Traumatic injury of the bladder and urethra involves damage caused by an outside force.
Injury - bladder and urethra; Bruised bladder; Urethral injury; Bladder injury; Pelvic fracture; Urethral disruption
Causes, incidence, and risk factors
Injuries to the bladder can be divided into:
- Blunt trauma (such as a blow to the body)
- Penetrating wounds (such as bullet or stab wounds)
The nature of the injury to the bladder depends on how full the bladder was at the time of injury and what caused the injury.
Traumatic injury to the bladder is uncommon. Only about 8 - 10% of pelvic fractures are associated with bladder injury. Because the bladder is located within the bony structures of the pelvis, it is protected from most outside forces. Injury may occur if there is a blow to the pelvis that is severe enough to break the bones and cause bone fragments to penetrate the bladder wall.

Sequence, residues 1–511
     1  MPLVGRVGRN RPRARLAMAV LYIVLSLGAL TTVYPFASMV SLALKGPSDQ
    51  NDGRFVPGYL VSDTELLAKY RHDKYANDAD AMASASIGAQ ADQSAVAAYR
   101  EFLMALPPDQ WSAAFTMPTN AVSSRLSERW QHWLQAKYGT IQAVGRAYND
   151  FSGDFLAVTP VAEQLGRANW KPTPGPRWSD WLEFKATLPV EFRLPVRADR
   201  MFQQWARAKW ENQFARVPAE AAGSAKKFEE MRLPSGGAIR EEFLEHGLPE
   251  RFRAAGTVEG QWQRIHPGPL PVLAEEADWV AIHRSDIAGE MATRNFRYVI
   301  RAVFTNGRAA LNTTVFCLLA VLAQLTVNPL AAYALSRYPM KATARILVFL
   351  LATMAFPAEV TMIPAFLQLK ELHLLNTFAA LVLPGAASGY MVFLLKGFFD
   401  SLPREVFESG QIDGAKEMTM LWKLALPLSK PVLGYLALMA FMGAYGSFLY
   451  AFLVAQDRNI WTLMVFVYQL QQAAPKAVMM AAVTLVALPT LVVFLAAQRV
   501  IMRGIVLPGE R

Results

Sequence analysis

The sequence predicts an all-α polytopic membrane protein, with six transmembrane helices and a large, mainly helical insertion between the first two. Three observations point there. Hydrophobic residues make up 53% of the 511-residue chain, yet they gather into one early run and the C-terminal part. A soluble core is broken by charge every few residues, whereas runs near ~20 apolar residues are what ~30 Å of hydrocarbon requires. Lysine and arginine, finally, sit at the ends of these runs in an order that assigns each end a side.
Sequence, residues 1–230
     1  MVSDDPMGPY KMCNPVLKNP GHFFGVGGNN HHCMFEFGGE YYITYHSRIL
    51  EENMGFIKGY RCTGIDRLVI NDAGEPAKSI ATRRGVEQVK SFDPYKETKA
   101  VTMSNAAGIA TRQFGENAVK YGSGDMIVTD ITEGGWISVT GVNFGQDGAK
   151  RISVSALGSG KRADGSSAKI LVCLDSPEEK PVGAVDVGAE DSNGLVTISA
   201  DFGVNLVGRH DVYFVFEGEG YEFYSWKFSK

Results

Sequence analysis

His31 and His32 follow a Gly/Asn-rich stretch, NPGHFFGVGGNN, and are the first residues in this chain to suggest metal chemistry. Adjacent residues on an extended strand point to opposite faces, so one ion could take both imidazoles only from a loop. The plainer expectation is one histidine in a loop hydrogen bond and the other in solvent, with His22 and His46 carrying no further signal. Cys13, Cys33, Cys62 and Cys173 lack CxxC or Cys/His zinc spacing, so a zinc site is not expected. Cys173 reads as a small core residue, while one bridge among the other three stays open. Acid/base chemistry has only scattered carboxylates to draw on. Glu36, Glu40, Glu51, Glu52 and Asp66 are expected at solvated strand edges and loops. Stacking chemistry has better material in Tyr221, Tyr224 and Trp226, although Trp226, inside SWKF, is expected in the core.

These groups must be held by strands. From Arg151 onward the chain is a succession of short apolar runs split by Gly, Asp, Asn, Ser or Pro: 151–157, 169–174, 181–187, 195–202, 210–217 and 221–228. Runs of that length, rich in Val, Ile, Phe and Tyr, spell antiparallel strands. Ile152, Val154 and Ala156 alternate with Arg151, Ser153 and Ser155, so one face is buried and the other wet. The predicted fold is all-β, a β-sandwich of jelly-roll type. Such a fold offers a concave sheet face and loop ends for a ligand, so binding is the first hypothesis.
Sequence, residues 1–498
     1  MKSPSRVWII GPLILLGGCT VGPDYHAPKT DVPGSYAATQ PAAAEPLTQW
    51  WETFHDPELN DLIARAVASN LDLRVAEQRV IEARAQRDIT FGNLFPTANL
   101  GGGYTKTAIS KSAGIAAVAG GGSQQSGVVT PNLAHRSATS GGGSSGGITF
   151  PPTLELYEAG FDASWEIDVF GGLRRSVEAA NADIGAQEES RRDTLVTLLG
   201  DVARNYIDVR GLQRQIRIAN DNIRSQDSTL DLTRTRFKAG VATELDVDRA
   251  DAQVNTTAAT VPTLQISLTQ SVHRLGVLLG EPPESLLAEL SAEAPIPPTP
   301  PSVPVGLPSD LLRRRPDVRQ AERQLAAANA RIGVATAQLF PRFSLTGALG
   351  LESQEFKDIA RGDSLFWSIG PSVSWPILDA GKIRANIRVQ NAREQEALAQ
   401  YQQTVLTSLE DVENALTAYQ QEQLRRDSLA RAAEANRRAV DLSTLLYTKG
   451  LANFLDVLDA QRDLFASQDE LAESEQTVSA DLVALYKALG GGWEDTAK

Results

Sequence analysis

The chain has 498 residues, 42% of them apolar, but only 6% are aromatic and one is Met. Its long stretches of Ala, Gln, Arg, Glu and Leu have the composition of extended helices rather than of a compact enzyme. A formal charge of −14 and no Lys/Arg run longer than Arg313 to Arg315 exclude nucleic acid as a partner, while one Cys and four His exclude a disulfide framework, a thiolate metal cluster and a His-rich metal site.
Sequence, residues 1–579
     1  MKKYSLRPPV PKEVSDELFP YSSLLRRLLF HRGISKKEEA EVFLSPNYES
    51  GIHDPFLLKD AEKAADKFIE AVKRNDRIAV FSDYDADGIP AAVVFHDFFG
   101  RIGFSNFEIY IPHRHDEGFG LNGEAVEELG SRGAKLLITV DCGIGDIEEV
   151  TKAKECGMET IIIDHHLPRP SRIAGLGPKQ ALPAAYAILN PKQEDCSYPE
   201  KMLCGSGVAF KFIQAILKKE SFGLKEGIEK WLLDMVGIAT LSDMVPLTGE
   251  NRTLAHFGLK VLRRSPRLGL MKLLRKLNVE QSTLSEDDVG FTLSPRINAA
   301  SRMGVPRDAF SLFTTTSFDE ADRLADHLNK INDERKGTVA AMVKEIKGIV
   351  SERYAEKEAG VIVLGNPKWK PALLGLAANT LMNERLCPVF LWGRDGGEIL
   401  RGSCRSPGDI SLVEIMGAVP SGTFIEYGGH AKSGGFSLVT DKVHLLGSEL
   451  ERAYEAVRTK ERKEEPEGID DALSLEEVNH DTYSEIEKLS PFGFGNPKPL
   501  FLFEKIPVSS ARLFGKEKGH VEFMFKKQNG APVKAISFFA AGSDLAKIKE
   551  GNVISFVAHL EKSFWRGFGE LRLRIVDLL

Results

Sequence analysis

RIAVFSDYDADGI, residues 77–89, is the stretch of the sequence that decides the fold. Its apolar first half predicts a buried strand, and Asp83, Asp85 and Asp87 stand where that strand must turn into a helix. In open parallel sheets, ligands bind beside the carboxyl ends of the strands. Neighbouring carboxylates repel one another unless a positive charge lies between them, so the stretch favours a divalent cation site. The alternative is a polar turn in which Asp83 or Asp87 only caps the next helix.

Other causes of bladder or uretal injury include:
- Surgeries of the pelvis or groin (including hernia repair and
- Tears, cuts, bruises, and other injuries to the urethra (the tube that carries urine out of the body) -- most common in men.
- Straddle injuries (direct force accidents that injury the scrotum area between a man's legs)
Deceleration injury (for example, a motor vehicle accident that occurs with a full bladder while wearing seatbelt)
Injury to the bladder or urethra may cause urine to leak into the abdomen, leading to infection (
Review Date: 06/21/2010
Reviewed By: Linda J. Vorvick, MD, Medical Director, MEDEX Northwest Division of Physician Assistant Studies, University of Washington, School of Medicine; Scott Miller, MD, Urologist in private practice in Atlanta, Georgia. Also reviewed by David Zieve, MD, MHA, Medical Director, A.D.A.M., Inc.